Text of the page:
Eurostar E3000


The Eurostar E3000 is a generic satellite model most commonly used for commercial and military communications satellites manufactured by Airbus Defence and Space (formerly Astrium). It is a member of Airbus Defence and Space's Eurostar family. It utilises a chemical, bi-propellant propulsion system for orbit raising and on-station manoeuvres with an optional plasma propulsion system (PPS).[1] The PPS harnesses the Newtonian effect as a result of the ionisation of xenon gas employed by the use of Hall effect plasma thrusters. This system is most commonly used for north–south station-keeping. The E3000 was the first commercial satellite family to use lithium–ion batteries rather than the older nickel-based technologies for power supply during eclipses.

A Eurostar 3000 satellite made in 2000

The E3000 bus can be modified extensively to meet customer requirements, but most of the E3000 satellites have a launch mass of between 4,500 and 6,000 kg (9,900 and 13,200 lb), and solar arrays between 35 and 45 m (115 and 148 ft) providing between nine and sixteen kilowatts at end of life. They tend to feature between 50 and 90 transponders, most often in the Ku-band and C-band.

There have been 52 satellites built around the E3000 platform including ANASIS 2, Hispasat's Amazonas 1 and 2, Arabsat-5A, -5B, and -5C, Astra 1M, 1N, 2E, 2F, 2G, 3B and 5B, Eutelsat's W3A and Hot Bird 8–10, Intelsat 10-02, KA-SAT, Atlantic Bird 7, 70B Telesat's Anik F1R, F3 and Nimiq-4, Skynet 5A–C and the Inmarsat 4-series of satellites.[2] Each of the three Inmarsat 4 in service has a large deployable reflector as the main antenna.

In March 2015, Airbus Defence and Space received a delivery of new 3D-printed brackets for mounting telemetry and tele-command antennas, being the first space-qualified 3D-printed component of its kind.[3]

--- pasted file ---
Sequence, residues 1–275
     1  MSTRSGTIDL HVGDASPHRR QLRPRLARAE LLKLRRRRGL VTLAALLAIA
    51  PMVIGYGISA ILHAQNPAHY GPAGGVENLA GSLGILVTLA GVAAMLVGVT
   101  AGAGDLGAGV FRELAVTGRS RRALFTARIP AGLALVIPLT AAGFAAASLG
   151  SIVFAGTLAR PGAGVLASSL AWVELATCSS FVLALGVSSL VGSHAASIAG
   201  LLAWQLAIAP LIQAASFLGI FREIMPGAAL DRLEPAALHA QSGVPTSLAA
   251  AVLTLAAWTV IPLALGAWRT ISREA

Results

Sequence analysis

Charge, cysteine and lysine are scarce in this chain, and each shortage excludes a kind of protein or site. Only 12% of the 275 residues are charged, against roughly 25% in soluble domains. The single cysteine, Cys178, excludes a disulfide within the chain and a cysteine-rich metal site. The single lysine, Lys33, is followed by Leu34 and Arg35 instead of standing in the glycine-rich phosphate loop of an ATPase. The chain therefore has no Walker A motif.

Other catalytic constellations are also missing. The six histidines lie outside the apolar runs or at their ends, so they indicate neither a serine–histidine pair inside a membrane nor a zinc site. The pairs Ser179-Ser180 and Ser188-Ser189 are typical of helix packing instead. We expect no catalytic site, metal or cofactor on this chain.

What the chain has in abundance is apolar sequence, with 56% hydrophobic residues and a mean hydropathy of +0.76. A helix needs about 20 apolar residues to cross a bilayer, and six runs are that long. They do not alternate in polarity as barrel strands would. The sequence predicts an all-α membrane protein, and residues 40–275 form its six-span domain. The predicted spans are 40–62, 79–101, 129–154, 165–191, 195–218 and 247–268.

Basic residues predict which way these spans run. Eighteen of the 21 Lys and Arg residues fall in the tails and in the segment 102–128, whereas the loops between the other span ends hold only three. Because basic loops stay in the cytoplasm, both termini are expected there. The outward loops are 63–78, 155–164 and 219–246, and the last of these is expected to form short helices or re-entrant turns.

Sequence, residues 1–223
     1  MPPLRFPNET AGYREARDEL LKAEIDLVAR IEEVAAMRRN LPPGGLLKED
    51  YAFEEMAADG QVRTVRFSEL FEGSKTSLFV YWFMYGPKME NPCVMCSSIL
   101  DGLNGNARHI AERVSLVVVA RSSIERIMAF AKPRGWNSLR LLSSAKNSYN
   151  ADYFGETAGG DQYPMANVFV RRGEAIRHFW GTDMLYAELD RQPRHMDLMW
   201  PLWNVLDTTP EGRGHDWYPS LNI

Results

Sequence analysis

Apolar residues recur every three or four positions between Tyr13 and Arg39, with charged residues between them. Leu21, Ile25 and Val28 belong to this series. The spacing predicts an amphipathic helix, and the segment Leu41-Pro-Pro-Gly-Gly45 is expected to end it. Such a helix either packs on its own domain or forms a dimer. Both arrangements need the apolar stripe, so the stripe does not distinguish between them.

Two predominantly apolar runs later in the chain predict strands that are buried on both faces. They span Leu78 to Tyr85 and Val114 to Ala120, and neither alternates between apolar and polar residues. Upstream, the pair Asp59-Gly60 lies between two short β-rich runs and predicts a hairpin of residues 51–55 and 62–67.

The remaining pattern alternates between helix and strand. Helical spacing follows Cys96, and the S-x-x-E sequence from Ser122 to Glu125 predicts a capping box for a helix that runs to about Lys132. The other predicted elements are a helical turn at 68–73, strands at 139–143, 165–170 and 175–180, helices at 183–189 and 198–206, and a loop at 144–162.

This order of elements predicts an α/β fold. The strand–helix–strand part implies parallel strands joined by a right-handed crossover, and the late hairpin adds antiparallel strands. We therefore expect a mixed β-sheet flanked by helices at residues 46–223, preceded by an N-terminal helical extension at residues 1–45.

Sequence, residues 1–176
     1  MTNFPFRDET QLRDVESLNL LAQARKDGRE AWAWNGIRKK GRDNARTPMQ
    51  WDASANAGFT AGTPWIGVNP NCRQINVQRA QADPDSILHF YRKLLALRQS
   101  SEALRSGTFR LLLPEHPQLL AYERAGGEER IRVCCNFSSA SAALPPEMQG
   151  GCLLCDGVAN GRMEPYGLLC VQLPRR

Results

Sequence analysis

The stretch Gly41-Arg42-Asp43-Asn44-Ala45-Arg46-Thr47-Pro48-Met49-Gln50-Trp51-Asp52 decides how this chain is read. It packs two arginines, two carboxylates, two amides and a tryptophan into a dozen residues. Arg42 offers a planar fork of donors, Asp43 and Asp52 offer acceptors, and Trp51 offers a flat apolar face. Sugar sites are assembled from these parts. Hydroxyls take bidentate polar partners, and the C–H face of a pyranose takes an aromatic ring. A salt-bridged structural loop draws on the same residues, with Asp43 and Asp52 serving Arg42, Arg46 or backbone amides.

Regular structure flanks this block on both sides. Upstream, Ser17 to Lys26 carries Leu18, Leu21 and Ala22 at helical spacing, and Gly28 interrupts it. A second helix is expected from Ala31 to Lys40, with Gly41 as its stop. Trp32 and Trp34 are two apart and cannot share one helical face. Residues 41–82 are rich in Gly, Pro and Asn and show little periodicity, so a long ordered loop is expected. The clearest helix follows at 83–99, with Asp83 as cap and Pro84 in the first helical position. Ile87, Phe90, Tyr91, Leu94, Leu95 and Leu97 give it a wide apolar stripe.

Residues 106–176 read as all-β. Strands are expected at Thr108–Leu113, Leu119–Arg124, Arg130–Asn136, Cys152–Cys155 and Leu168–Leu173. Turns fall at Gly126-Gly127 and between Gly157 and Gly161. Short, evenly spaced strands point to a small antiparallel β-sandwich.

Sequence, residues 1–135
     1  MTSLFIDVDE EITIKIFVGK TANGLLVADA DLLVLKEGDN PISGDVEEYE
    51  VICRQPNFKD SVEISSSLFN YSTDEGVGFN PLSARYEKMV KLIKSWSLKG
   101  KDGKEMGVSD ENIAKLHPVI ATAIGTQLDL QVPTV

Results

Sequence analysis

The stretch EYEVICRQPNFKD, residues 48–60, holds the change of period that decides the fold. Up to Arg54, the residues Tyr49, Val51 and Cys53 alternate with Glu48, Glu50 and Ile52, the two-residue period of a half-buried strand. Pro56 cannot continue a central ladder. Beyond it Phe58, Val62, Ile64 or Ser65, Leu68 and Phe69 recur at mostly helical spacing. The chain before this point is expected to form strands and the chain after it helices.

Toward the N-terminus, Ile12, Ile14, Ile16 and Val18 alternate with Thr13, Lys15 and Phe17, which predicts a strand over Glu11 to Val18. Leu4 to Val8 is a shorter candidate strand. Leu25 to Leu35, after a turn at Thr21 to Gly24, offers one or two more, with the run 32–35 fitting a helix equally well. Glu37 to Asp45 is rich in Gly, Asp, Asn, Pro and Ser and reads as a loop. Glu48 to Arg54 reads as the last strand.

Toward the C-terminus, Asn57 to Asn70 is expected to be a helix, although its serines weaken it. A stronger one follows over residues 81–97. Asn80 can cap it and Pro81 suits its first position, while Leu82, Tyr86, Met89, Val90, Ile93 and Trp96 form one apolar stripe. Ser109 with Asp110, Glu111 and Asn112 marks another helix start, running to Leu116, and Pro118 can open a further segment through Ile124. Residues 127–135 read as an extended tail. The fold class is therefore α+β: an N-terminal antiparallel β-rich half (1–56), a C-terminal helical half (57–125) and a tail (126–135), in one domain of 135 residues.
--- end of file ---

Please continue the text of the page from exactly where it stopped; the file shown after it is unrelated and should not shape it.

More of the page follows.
Eurostar E3000EOR


Also in March 2015, Airbus signed a contract with Snecma for 5-kilowatt PPS5000 Hall-effect thrusters for the E3000 Electric Orbit Raising (E3000EOR) variant of the satellite bus. New thrusters would allow reducing the weight of a satellite by up to 40%.,[4] as Türksat 5A and Türksat 5B

Eurostar Neo


An improved model based on the E3000 called the Eurostar Neo was announced in 2017, offering electric, hybrid, or chemical propulsion, in addition to a scalable power range of 7 kW to 25 kW.[5]


  1. ^ 26th AIAA International Communication Satellite Systems Conference 2008: June 10-12, 2008, San Diego, California. American Institute of Aeronautics and Astronautics. Red Hook, NY: Printed from e-media with permission by Curran Associates. 2008. p. 340. ISBN 978-1-60560-471-8. OCLC 298571190.{{cite book}}: CS1 maint: others (link)
  2. ^ Ng, Jr (15 June 2020). "South Korea's first dedicated MilSat nears launch". Asian Military Review. Retrieved 11 July 2020.
  3. ^ "Airbus Defence and Space Receives 3-D Printed Satellite Parts". Satellite Today. 20 March 2015. Retrieved 1 August 2015.
  4. ^ "Snecma Receives Follow-on Contract from Airbus for All-Electric Thrusters". Satellite Today. 25 March 2015. Retrieved 1 August 2015.
  5. ^ "Eurostar". Airbus Defence & Space. Archived from the original on 9 October 2020. Retrieved 9 October 2020.
  • Airbus's page about the satellite